Weeks after Baltimore announced plans to construct a new, $30 million youth jail, a motion filed by the ACLU, Public Justice Center, and Law Offices of Elizabeth Alexander claims detainees are routinely denied life-saving medications, due to systemic failures in the Baltimore City Detention Center (BCDC). In addition to gross medical neglect, the motion alleges that inmates are also housed in moldy, vermin-infested units that exacerbate existing health problems.
The organizations behind the motion conducted a comprehensive review of 13 death cases and 24 randomly-selected medical records from 2013 to 2015, concluding that inmates with chronic diseases had their medications interrupted. For instance, an HIV-positive detainee alleges his antiretrovirals were taken away upon entry, but nurse notes indicate that some of his medication wasn’t available, which is why he didn’t receive it for five days. BCDC allegedly failed to give another inmate with a significantly low white blood cell count his prescribed retrovirals until shortly before his death. The review says hypertensive cardiovascular disease claimed the life of another detainee who was prescribed medication for his blood pressure and heart but was never given the proper drugs. Due in part to a failure to complete ordered laboratory tests, another person allegedly died of because of blood in the sac close to her heart. And people with diabetes allegedly did not receive prescribed insulin for extended periods of time, and had their dietary restrictions ignored.
The motion also claims that inmates with physical disabilities are denied proper medical attention. On multiple occasions, BCDC allegedly failed to give an inmate with urinary problems clean catheters, and the one bathroom he can access is flooded. The motion also mentions a detainee relegated to a defective wheelchair who had back pain for five months, but wasn’t given his muscle relaxant. Additionally, the motion claimed an amputee with severe pain hasn’t had a thorough exam to evaluate his pain or prescribe the most effective medication.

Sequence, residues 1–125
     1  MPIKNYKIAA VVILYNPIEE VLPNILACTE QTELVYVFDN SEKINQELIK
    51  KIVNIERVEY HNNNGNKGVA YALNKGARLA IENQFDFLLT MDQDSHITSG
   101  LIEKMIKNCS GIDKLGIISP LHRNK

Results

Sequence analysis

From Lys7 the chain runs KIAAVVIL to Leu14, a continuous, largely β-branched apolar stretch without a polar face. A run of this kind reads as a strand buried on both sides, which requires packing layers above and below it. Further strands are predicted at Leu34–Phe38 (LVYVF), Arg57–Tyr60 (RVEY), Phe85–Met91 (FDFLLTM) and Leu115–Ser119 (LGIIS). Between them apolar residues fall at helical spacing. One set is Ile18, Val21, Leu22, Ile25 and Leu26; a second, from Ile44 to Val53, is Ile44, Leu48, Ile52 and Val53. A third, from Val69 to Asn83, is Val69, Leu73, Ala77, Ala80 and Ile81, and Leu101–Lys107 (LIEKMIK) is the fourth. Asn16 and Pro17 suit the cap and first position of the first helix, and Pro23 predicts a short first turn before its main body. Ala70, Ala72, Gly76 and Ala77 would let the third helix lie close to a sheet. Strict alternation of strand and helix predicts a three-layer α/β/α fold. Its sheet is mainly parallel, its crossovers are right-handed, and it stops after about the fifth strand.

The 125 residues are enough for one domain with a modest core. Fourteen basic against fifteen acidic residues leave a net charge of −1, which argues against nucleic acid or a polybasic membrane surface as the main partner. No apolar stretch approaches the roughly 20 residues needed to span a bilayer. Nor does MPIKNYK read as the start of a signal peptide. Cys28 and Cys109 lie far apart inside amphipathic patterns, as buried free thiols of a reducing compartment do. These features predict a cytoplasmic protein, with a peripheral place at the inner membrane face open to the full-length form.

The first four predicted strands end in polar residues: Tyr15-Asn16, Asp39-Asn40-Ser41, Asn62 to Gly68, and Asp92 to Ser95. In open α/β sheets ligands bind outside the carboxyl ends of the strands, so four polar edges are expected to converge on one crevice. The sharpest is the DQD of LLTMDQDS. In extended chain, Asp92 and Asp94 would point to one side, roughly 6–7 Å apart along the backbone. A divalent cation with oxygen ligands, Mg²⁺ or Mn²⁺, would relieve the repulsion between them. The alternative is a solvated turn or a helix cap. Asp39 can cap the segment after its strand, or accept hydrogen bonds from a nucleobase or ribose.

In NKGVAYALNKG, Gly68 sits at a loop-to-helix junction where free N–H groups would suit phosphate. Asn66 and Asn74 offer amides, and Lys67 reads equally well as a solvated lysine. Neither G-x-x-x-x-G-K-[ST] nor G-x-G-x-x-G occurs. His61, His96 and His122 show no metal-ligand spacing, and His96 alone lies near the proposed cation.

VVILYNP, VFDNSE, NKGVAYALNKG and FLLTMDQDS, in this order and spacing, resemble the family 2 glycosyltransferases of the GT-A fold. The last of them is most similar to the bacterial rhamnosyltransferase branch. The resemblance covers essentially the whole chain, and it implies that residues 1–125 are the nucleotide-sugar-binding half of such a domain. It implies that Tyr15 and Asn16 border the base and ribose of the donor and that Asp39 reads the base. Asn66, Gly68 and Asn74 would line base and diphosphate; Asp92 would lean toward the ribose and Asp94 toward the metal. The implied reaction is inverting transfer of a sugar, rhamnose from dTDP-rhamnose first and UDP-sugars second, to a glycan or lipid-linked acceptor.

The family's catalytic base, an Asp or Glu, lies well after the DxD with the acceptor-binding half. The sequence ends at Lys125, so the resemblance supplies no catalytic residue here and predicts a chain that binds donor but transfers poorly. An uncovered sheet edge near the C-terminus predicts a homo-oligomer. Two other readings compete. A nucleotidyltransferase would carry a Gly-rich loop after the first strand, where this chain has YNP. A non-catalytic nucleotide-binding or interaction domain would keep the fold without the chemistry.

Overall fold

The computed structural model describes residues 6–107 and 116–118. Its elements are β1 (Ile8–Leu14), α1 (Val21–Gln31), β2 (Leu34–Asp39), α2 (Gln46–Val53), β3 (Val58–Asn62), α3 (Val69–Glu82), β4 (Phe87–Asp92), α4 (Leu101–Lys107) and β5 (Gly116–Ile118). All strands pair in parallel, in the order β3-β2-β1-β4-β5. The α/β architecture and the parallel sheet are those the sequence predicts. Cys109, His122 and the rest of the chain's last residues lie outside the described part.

In addition to insufficient medical treatment, the motion details unsanitary conditions that worsen the health of inmates. One diabetic inmate’s food is allegedly exposed to cockroaches and other vermin residing in his cell. Insects reportedly bite inmates, leaving them with nasty infections. Mice are commonplace. Mold is growing in showers, vents, and toilet areas, and plumbing failures often leave detainees without sink water and the ability to flush toilets. A lack of consistent laundry services allegedly forces inmates to hand-wash their clothes in buckets, thereby exposing them to avoidable diseases.
“Over and over again, detainees in need of medical attention and treatment for infections, injuries, psychiatric conditions, and other urgent health concerns wait for days and weeks, their suffering prolonged to the point of cruelty,” Debra Gardner, the Public Justice Center’s legal director, noted in a press release. “These conditions are unconscionable for those in the jail but also create public health concerns. We refuse to give up on the thousands held in Baltimore’s only jail and the communities to which they return.”
BCDC has been embroiled in legal battles over detainees’ treatment since 1993. The oldest continuously operating penal facility, which generally houses people waiting for their trial date, is a hotbed of corruption and staff misconduct. Rampant gang violence is recognized as a product of poor jail conditions. Moreover, youth are held in solitary confinement for days and weeks, and rehabilitation programs are scarce.